Everybody knows the other Cambodian restaurant in town, Phnom Penh, but there’s another Cambodian place on Victoria Dr. and 33rd called Angkor that’s been open for about 5 years. In fact, the last time we went there WAS about 5 years ago, soon after they opened! I wrote about it way back then on Chowhound here.
Our experience back then was good, but we never had the inclination or opportunity to go back until now. Funny how these things happen. There’s really no shortage of food options in Vancouver, so good places like Angkor might get forgotten about unless something sparks your memory. I’m happy to see Angkor still in action after 5 years.
The owner/cook Yin is actually niece of the Phnom Penh owner. Happy to see a family connection there.
I’m not an expert in the minutiae of Cambodian food or culture…I’ve seen a few food programs on Cambodia. The food seems to draw a lot of influence from the neighboring cuisine of Vietnam (at least the part of Cambodian cuisine that we see here).
They even list the Vietnamese names for all their dishes on the menu. Yin said their clientele is mostly Vietnamese, Chinese and Filipino. The “Angkor Beef Stew & Egg Noodle” looks interesting…
…and of course we gotta have that famous Cambodian dry noodle dish Hu Tieu. We chose the combo rice noodle and egg noodle version. I love having the two textures of noodles in the same dish. Hu Tieu is super-popular in Vietnam, so you’ll see Vietnamese restaurants here serving Hu Tieu as well as the more common pho, bun, and rice dishes.
Tablecloth with Angkor Wat motif. “No Angkor Wat, no Cambodia…”
Angkor Beef Stew & Egg Noodle.
Savoury soup with star anise being the most recognizable seasoning. If there’s MSG in here, they just use a little bit. Egg noodles were firm and enjoyable. Sizeable chunks of beef were tender. I think they make a big pot of beef stew, then add the beef plus gravy to their main soup broth, so the consistency is more liquidy than gravy-like.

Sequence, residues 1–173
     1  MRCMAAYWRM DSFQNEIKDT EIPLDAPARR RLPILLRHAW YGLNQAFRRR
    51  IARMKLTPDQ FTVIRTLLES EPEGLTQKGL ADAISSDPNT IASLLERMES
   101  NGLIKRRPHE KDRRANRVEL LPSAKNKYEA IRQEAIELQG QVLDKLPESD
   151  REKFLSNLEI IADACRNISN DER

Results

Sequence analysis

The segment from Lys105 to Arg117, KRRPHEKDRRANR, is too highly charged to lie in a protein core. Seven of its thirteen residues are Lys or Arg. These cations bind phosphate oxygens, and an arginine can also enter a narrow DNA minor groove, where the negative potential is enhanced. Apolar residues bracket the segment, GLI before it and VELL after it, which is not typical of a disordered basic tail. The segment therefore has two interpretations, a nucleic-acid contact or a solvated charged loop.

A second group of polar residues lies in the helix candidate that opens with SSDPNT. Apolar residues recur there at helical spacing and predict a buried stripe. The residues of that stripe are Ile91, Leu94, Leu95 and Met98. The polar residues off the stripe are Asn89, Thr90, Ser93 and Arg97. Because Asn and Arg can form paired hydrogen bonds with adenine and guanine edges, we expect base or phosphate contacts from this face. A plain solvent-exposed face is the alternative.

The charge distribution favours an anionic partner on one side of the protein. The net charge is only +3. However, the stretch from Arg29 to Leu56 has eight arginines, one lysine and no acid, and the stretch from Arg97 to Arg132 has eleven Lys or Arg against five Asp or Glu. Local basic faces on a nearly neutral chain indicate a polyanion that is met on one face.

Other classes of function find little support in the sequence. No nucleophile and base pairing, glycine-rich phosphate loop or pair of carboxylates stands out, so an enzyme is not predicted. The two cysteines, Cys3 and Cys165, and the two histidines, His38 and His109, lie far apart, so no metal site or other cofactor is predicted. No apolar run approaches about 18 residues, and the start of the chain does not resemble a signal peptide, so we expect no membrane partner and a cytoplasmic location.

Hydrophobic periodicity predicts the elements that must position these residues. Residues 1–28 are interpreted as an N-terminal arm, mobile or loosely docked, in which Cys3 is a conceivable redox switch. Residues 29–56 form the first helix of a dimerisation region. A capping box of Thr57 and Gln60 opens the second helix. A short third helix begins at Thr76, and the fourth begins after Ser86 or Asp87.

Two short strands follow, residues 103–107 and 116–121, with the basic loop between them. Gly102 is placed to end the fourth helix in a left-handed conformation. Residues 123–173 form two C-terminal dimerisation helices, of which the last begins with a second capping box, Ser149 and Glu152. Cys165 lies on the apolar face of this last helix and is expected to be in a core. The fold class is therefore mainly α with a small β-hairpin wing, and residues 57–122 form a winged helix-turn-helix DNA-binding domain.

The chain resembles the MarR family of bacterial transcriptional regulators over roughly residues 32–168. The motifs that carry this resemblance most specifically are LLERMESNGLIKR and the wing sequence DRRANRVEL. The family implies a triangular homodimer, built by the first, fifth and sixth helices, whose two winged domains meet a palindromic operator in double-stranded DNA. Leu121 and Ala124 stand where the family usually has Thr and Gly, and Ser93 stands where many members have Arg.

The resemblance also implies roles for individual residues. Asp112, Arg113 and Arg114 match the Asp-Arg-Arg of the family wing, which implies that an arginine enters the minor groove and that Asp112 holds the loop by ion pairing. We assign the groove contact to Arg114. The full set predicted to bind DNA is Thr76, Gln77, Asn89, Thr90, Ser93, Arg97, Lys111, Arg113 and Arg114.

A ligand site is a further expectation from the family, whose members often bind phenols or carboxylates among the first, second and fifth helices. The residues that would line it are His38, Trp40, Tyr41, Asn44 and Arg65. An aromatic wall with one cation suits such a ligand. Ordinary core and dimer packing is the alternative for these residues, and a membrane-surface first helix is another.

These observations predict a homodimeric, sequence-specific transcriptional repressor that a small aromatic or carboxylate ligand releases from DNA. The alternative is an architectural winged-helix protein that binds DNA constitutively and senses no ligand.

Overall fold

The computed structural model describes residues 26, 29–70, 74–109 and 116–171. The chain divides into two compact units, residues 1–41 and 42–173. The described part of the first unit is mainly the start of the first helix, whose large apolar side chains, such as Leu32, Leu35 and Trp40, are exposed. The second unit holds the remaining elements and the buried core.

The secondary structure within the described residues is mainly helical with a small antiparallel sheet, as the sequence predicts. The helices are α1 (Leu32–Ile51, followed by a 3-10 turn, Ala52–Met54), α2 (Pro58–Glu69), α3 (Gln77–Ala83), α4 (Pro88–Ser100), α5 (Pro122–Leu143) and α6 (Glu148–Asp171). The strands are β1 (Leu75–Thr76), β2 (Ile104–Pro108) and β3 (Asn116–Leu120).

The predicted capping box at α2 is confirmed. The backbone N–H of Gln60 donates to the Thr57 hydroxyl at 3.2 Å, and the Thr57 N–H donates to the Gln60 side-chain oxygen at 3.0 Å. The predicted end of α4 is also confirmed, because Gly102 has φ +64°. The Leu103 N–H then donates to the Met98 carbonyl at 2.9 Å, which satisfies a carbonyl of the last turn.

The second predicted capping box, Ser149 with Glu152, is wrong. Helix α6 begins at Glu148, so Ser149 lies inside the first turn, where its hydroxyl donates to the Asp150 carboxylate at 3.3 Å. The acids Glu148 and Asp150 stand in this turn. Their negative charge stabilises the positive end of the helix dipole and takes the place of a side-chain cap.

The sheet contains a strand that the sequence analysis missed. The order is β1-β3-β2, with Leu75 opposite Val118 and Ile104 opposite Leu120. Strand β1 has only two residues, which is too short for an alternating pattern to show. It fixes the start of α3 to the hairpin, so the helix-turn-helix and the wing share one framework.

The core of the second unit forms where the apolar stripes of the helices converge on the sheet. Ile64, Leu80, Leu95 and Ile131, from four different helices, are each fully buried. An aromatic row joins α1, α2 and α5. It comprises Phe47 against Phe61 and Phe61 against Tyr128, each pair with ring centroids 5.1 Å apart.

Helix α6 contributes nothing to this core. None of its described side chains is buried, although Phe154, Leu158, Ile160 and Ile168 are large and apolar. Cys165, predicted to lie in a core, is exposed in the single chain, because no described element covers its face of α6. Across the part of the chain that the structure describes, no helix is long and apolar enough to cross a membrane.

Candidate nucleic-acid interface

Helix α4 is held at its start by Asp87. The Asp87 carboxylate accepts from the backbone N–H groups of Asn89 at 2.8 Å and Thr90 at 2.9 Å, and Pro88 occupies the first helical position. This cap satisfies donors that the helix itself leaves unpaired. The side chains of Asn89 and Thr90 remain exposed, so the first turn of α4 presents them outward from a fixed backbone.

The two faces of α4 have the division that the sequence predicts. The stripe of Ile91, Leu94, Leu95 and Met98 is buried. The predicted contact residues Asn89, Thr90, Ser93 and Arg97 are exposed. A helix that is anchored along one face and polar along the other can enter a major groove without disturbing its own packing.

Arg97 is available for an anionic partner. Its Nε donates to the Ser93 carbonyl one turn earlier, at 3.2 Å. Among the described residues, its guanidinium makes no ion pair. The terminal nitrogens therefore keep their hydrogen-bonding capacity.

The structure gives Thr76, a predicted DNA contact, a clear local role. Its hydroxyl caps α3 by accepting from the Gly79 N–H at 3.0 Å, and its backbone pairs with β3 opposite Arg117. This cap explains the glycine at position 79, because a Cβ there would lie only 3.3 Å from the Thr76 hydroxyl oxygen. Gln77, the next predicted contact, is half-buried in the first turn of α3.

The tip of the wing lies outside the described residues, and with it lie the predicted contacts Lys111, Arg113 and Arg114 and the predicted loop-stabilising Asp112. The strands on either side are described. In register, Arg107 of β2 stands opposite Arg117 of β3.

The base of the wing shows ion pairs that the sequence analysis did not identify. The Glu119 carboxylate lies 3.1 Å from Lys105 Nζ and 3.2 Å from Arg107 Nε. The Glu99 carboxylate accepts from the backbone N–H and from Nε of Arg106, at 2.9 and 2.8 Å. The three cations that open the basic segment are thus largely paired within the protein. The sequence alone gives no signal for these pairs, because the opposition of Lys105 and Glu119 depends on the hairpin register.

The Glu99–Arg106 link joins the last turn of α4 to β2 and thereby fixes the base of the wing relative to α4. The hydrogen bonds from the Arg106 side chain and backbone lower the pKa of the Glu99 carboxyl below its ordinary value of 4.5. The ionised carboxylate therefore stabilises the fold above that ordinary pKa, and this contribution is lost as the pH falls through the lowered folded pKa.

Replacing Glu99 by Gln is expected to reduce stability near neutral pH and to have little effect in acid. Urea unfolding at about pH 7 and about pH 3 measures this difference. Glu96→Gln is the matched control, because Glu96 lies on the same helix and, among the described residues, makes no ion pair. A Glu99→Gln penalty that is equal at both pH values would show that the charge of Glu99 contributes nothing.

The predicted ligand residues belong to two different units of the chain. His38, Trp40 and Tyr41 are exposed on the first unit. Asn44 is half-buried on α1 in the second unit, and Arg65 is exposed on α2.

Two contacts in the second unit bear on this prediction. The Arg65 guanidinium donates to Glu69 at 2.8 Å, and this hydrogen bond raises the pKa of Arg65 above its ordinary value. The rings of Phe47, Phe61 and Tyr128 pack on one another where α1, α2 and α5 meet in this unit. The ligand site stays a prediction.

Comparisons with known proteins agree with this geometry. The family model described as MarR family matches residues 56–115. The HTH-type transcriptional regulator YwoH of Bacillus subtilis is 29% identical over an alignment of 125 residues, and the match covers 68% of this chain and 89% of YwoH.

Bean sprouts and lime to go with the beef stew noodles.
Phnom Penh Dry Rice & Egg Noodle. Lots of assorted meat!
You can see the white rice noodles underneath the yellow egg noodles. Meats include sliced pork, ground pork, pork liver, pork heart and prawns. There’s a garlicky sweet/savoury soy sauce at the bottom of the bowl. You’re supposed to mix everything together before you eat.
The Hu Tieu comes with a side soup with a great piece of pork back. Lots of meat and cartilage to enjoy.
Here’s what the Hu Tieu looks like after mixing. The rice noodles were a bit too clumpy, but once you get the sauce in there it loosens up. A hearty (heh) and satisfying bowl of meat and noodles. Big serving. This and side soup for only $8!
They were out of chicken wings that day, so we settled for Spring Rolls. They use the egg roll wrapper here.
Arrived hot and crispy, fresh out of the fryer. Texture inside was a bit mushy for my taste but I got flavours of pork and taro which were nice. I wouldn’t mind ordering these again for a group to share.
Dessert time! Banana Tapioca Pudding with coconut milk and crushed peanuts. This is a Vietnamese-style dessert called chè. They also have one with black eyed peas.
Warm and creamy. Probably the best version of this kind of Asian dessert that Wicca has had in a restaurant.
We also got a dish to go, but sadly I didn’t take pictures of it. It was the Cambodian Style Pork and Shrimp Paste and Veggies, which is basically like a savoury Asian sloppy joe served on rice. A little bit tomatoey but with big fermented shrimp paste flavour and aroma. Just imagine a ground meat sauce on rice…it’s the kind of dish that’s super humble but still delicious and you can shovel tons of it into your greedy mouth. To most palates, it might be a weird dish but I kinda liked it! It reminded me of eating beef chili poured over white rice. But you have to like fermented shrimp paste if you wanna try this dish.
We’ll have to come back soon to try their (now TWO versions) of chicken wings and see how they compare to Phnom Penh’s famously addictive crack-coated deep fried chicken wings.
Now, I know this kind of hole-in-the-wall “ethnic” place isn’t going to please everybody. Some of the cooking might not be as accomplished as their more famous uncle restaurant. But the food is a solid good, with tons of heart and a homey feeling. I think there’s room in Vancouver for another Cambodian restaurant, and the fact that Angkor has lasted 5 years shows that other people think so too.
If you’re really interested in learning more about Cambodia and its food, I’d recommend watching:
- Rick Stein’s Far Eastern Odyssey (Episode 1)
- Bizarre Foods (Season 5 Episode 2)
- Anthony Bourdain No Reservations (Season 7 Episode 2)
You’ll just have to google to find these episodes 😉